Towards the end of last year I had the chance to look at unique early breechloader, an example of Frederic Prince’s breechloading percussion rifle dating from the 1850s. Prince’s rifle (no, not the gunsmith formerly known as…) used a sliding barrel action, with the barrel sliding forward when the action was unlocked, to open the breech. It is a fascinating design, almost the reverse of later bolt action designs with the bolt handle attached to the barrel rather than to the bolt. Prince’s is one of the earliest, if not the earliest, examples of a sliding barrel system with other early designs including Sharps & Hankins Model 1862 Carbine and the French Darne sliding breech shotguns of the 1880s.
In the photo above we can see the rifle’s action opened, with the bolt handle, which is attached to the base of the barrel, pushed forward to open the breech and allow a paper cartridge to be loaded. The bolt unlocks to the right and then travels down an L-shaped bolt channel. Once a cartridge was loaded the rifleman would then close the breech by pulling the bolt back and locking it to the left. He’d then put a percussion cap on the lock and the gun was ready to fire. Here’s a gif showing how the action worked.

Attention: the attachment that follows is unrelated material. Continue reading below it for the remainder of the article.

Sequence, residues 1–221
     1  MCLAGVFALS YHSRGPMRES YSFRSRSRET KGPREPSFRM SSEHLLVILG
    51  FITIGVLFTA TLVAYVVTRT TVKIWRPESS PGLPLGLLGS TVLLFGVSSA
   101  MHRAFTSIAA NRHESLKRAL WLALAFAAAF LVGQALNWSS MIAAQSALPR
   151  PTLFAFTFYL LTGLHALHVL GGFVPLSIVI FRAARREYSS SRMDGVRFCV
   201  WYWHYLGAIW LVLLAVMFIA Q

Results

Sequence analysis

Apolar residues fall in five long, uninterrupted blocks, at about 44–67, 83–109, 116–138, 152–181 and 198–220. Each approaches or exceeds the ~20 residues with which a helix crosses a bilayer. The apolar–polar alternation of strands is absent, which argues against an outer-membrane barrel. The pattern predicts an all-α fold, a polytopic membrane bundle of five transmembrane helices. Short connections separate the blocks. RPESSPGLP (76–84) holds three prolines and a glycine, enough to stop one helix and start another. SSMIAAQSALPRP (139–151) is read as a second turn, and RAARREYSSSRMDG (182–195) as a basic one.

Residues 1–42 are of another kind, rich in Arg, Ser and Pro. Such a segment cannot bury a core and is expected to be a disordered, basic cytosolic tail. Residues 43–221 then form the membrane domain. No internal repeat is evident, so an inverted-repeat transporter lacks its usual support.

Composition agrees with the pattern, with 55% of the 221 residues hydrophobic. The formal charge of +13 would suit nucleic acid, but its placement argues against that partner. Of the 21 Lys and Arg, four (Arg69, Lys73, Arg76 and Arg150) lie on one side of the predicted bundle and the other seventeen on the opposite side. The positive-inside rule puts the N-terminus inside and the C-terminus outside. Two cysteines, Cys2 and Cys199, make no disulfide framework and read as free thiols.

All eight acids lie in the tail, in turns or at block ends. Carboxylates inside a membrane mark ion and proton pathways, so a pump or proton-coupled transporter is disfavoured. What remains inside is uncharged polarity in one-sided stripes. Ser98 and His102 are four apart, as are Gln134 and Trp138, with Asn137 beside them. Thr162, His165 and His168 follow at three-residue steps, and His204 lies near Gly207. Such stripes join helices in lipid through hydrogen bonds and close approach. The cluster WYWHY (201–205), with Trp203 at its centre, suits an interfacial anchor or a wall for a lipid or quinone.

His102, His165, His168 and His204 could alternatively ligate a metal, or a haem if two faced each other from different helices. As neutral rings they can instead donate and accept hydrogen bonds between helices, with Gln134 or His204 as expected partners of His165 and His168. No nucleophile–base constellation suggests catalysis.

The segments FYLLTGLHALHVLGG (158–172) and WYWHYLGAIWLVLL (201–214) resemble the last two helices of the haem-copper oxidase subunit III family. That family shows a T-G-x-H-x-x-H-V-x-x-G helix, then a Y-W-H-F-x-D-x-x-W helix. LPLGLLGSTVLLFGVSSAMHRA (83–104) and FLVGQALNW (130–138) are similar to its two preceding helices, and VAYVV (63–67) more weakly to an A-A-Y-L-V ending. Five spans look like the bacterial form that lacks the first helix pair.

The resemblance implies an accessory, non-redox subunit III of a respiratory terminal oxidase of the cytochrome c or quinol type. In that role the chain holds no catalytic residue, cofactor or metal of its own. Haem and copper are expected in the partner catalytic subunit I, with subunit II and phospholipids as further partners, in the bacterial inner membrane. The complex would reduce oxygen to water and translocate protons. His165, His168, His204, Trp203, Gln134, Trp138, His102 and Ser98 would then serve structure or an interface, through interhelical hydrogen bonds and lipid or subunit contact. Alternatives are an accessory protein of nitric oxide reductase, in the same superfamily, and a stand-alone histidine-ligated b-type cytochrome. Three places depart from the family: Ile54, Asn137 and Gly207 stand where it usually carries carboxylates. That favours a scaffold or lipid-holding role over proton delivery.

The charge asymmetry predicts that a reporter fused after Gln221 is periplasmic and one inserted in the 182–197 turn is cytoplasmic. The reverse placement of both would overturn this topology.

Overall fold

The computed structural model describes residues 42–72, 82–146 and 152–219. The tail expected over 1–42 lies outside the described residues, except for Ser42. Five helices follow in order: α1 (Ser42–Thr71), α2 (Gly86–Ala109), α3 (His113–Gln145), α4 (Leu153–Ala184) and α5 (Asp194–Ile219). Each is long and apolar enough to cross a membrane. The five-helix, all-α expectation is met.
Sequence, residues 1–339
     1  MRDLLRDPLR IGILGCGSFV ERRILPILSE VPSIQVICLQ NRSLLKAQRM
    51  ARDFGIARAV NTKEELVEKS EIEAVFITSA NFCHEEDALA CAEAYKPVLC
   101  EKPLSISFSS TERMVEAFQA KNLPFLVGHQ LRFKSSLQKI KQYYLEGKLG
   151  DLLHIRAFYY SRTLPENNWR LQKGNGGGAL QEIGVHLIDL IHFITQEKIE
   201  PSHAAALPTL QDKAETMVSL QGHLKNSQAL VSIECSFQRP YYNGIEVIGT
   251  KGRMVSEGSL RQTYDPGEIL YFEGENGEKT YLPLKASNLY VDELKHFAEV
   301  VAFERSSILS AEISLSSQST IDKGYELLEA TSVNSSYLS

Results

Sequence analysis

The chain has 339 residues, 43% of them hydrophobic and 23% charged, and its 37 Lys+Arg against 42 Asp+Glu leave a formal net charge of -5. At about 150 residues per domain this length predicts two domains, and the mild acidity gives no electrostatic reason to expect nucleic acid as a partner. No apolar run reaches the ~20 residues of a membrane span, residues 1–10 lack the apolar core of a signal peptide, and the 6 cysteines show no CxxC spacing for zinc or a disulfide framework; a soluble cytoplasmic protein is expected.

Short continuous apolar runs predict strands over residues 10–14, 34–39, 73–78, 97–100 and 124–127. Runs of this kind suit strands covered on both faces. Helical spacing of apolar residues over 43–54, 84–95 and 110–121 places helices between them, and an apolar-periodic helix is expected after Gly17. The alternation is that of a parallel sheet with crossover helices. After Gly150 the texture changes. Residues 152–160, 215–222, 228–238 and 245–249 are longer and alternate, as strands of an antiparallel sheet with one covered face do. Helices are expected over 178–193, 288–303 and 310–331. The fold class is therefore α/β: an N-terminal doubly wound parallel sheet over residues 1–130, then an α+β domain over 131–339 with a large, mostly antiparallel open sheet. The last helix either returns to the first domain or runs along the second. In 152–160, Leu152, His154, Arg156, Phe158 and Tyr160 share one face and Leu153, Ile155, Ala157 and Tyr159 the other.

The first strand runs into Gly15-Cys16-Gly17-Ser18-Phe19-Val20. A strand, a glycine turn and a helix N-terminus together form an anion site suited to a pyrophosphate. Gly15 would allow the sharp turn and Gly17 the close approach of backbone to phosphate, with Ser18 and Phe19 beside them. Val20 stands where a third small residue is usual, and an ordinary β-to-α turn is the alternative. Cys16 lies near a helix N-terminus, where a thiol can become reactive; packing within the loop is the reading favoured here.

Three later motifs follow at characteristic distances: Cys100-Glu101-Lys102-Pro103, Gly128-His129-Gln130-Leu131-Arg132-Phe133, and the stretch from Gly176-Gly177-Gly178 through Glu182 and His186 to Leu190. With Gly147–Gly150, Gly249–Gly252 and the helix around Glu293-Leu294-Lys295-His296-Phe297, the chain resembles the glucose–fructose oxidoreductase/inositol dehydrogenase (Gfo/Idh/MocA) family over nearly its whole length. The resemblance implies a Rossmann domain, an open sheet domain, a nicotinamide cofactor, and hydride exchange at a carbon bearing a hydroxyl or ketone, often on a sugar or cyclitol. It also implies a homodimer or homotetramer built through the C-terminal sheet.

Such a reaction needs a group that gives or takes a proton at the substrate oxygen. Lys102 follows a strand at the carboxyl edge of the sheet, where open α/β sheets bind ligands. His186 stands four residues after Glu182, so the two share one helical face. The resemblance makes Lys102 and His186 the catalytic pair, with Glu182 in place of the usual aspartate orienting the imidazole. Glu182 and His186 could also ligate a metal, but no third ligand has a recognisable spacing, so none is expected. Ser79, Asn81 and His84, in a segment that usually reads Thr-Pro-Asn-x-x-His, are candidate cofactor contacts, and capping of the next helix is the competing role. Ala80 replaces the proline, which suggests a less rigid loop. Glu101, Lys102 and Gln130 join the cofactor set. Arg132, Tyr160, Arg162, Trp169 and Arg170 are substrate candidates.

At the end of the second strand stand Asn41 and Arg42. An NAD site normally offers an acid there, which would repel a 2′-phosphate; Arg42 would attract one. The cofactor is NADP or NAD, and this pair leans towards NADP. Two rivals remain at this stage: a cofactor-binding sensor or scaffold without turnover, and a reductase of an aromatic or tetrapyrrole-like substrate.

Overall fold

Prince’s rifle was reportedly able to fire six rounds in just 46 seconds, according to official reports. It was tested by the British Army in the summer of 1855 against the Enfield Pattern 1853 Rifle Musket and recommended for further testing but the trials never took place and it wouldn’t be until the 1860s that the British Army adopted a breechloader, which utilised Jacob Snider’s action.